Colin Kaepernick, who last played professional football in 2016 -- the year he started kneeling during the national anthem to protest racial injustice -- worked out Wednesday for the Las Vegas Raiders, a league source told ESPN.
It marked Kaepernick's first workout with an NFL team since being exiled, and it was the first time the former star quarterback visited with a team since he flew to Seattle to meet with the Seahawks in May 2017, before they passed on the opportunity to sign him.
Kaepernick played at the University of Nevada, Reno, the only school to offer him a scholarship. Currently, the pro team in Nevada is the only one in the NFL that has given the civil rights activist another opportunity.
Raiders owner Mark Davis is following in the spirit of his late father, Al Davis, who provided many opportunities, such as hiring the NFL's first Black head coach (Art Shell) and its first woman chief executive (Amy Trask) in the modern era. The elder Davis also was the first team owner to draft a Black quarterback (Eldridge Dickey) in the first round and the second team owner to hire a Hispanic head coach, Tom Flores.
The NFL had said it encouraged teams to take a look at Kaepernick. But not only has Kaepernick not signed a contract with any team, he also hasn't received a workout until the one he had Wednesday.
Mark Davis told ESPN's Paul Gutierrez in June 2020 that he would give his "blessing" if the Raiders' front office or coaches wanted to add Kaepernick.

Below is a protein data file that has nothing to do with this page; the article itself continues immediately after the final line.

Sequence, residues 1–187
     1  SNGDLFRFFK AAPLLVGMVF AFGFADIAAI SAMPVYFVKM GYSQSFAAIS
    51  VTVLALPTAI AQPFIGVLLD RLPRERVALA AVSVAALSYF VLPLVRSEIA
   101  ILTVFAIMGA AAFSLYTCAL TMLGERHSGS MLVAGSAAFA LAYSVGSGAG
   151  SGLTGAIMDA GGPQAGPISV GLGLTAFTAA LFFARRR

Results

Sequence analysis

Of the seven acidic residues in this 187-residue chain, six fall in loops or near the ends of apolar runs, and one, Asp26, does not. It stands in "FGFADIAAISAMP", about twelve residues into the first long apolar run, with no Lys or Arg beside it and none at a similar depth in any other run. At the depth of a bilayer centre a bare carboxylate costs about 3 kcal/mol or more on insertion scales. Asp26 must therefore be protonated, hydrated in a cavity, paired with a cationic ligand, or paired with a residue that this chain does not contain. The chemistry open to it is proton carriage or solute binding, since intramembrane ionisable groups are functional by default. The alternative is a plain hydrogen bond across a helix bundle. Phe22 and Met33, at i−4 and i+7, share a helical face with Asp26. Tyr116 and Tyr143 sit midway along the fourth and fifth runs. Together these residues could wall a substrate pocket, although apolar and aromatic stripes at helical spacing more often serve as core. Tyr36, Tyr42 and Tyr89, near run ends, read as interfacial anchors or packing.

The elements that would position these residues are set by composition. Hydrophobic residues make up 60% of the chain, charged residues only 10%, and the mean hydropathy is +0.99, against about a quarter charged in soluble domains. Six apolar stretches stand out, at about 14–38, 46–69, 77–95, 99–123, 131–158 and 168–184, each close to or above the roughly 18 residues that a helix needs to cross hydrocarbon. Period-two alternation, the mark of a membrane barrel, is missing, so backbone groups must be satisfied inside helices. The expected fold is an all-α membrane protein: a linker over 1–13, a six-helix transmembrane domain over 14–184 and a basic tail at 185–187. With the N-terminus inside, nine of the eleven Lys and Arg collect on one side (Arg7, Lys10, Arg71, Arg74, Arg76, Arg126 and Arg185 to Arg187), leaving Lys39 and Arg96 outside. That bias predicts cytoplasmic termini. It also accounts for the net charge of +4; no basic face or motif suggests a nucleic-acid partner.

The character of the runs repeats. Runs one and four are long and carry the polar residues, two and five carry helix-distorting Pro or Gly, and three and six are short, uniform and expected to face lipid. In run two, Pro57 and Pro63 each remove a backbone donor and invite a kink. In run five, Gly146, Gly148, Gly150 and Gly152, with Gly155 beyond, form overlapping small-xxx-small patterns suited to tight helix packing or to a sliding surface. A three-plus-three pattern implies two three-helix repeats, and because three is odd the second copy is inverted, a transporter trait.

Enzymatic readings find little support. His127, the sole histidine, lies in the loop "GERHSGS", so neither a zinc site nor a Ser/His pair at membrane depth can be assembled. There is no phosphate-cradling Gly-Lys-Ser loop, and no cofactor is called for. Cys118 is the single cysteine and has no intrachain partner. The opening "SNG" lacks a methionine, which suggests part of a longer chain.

Derek Carr is the starting quarterback for the Raiders, who also traded for backup Jarrett Stidham earlier this month in a deal with the New England Patriots. Las Vegas also has quarterback Nick Mullens, who signed with the Raiders this offseason.
Kaepernick, 34, recently threw to undrafted receivers for NFL scouts at halftime of Michigan's spring game, at the invitation of Jim Harbaugh, his former coach with the San Francisco 49ers.
Another potential link to Kaepernick is Raiders offensive coordinator Mick Lombardi, who was a 49ers assistant from 2013 to 2016.
In an interview with the "I Am Athlete" podcast in April, Kaepernick noted that both of his former Niners coaches, Harbaugh and Chip Kelly, said he "made the locker room better," contrasting a narrative that he would be a distraction for any team that signs him.
"That 2016 season, my last year, my teammates voted me most courageous and inspirational player," Kaepernick said. "So, when you're talking about the people that are in the building, that has never come out that I've been a distraction. That's never come out that I've been an issue for the people I've played with."
Kaepernick also said in the interview that today's NFL should be more "in alignment" with his social views, given the league's stance on other matters pertaining to race relations in the United States.
"You have 'End Racism' in the back of your end zone. You have 'Black Lives Matter' on your helmet. Everything I've said should be in alignment with what you're saying publicly," he said. "It's a $16 billion business. When I first took a knee, my jersey went to No. 1. When I did the deal with Nike, their value increased by $6 billion. Six billion. With a B.
"So if you're talking about the business side, it shows [it's] beneficial. If you're talking about the playing side, come in, let me compete. You can evaluate me from there. The NFL's supposed to be a meritocracy. Come in, let me compete. If I'm not good enough, get rid of me. But let me come in and show you."
Kaepernick said he ultimately wants to win a championship after coming close with the 49ers in Super Bowl XLVII, during which San Francisco fell one play short in a 34-31 loss to the Baltimore Ravens in February 2013.